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The Irish Rugby Football Union [IRFU] has told the country's four provincial teams that they will no longer receive extra money for player recruitment.
IRFU chief executive Philip Browne says each province received an extra payment of €250,000 from the IRFU in the 2015-16 season to assist with player contracts.
However, after the IRFU published their 2015-16 accounts confirming that the sport's governing body only broke even last year, Browne warned Ulster, Leinster, Munster and Connacht that there was no money left in the pot.
Browne warned the provinces that they must get used to the shifting of power in European rugby, and cut their cloth accordingly.
"All is change in the European rugby environment with the growing dominance of those clubs in France and England with deep financial pockets," he said.
"The size and quality of the playing squads that these clubs can assemble from around the world has changed the balance of power in Europe to the detriment of our provinces and the IRFU, who simply cannot match the playing budgets of these teams.
"It is becoming increasingly clear that the professional game in Ireland can no longer rely on the IRFU being the lender of last resort, as we no longer have the capacity to absorb the increasing cost of the professional game."
The RFU reported a 2015/16 turnover of almost €76m following the 2015 Rugby World Cup, with the Ireland national team bringing in €61.7m However, player costs rose by €6m, meaning the union only broke even in net cash terms.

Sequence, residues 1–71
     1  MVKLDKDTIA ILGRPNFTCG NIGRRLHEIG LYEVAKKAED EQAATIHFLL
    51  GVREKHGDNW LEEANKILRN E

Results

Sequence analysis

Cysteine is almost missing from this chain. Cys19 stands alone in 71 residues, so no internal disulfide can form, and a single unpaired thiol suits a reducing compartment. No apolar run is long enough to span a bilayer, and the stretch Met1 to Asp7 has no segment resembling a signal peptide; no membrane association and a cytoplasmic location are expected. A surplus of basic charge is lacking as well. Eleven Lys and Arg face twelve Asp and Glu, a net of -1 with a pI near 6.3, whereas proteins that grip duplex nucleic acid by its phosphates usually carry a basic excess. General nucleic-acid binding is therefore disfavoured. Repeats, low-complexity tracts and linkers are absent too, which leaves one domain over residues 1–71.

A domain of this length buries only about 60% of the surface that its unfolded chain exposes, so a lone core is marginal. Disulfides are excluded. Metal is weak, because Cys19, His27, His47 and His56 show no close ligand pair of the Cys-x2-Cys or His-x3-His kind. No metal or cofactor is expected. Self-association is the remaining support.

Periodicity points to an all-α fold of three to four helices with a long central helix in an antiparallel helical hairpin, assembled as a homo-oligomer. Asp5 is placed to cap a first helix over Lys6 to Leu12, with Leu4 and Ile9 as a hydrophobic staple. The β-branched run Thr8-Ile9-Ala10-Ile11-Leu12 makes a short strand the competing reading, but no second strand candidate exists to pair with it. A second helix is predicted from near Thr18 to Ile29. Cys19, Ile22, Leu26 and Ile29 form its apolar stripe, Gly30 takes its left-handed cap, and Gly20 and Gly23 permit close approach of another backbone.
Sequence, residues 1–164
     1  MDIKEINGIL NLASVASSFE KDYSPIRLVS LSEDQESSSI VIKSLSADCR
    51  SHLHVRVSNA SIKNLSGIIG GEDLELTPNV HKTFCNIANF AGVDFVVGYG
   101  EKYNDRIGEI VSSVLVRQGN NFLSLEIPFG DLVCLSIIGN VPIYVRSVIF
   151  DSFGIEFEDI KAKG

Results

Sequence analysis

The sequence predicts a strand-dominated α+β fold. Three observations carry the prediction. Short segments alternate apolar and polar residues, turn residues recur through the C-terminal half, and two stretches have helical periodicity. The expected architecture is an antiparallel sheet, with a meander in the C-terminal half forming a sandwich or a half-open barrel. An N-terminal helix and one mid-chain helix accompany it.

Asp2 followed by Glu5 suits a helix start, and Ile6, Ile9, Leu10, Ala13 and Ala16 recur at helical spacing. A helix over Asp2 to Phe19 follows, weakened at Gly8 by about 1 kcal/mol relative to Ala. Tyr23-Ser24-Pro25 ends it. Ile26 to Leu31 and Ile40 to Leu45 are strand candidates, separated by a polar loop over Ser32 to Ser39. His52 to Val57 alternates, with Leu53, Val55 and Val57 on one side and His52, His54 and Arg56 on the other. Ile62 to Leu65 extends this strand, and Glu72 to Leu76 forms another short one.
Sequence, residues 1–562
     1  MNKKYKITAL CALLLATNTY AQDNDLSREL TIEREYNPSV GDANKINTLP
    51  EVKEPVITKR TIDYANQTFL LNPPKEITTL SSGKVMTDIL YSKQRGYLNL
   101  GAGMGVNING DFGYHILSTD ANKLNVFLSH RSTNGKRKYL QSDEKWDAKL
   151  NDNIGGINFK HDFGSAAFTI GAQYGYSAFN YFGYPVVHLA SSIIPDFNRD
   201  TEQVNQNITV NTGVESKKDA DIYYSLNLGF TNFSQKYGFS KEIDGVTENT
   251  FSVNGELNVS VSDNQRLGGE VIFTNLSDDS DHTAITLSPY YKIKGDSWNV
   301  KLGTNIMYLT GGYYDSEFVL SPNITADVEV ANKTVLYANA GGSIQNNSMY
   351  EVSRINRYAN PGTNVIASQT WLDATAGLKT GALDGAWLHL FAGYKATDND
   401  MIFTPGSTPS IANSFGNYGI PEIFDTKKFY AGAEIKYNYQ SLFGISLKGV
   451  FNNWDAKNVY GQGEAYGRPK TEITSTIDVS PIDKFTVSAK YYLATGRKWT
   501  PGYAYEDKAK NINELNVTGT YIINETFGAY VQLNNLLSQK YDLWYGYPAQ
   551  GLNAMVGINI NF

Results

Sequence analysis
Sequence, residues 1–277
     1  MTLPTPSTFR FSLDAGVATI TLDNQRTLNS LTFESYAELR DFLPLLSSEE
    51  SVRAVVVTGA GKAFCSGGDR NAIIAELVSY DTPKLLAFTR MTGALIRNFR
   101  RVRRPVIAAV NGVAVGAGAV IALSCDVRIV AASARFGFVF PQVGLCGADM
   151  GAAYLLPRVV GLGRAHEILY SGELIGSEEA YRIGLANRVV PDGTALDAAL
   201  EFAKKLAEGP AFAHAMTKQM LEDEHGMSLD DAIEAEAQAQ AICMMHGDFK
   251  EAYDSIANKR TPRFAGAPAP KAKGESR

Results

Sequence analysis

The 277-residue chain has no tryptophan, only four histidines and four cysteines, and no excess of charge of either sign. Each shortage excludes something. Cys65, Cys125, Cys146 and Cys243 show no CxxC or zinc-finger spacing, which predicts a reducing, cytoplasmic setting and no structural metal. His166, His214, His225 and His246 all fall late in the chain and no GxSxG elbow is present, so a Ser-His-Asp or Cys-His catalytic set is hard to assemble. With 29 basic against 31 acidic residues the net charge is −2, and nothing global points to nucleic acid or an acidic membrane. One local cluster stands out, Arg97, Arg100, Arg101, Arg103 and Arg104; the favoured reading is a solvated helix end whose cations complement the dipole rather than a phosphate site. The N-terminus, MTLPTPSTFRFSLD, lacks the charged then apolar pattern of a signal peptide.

Tom Grace, IRFU honorary treasurer, said: "It is no secret that the increased revenues available to French and English clubs are having a serious inflationary impact on player remuneration."
The IRFU also announced that they will allocate €1.2m for player development of in the 2016/17 season, an increase on the €800,000 earmarked for the 2015/16 season budget.
Browne wants the four Irish teams to be self-financing in future, by increasing the revenue from the Pro 12 tournament.
"An extension of this new European order is the difficulty that faces the Pro 12 as a competition operating in Ireland, Scotland and Wales — three rugby markets which are a fraction the size of those in England and France," he said.
"The revenues generated by the tournament need to increase significantly if the participating clubs are to remain competitive with the clubs in the English and French leagues. Such an increase in values will require some radical change to the tournament and how it is structured."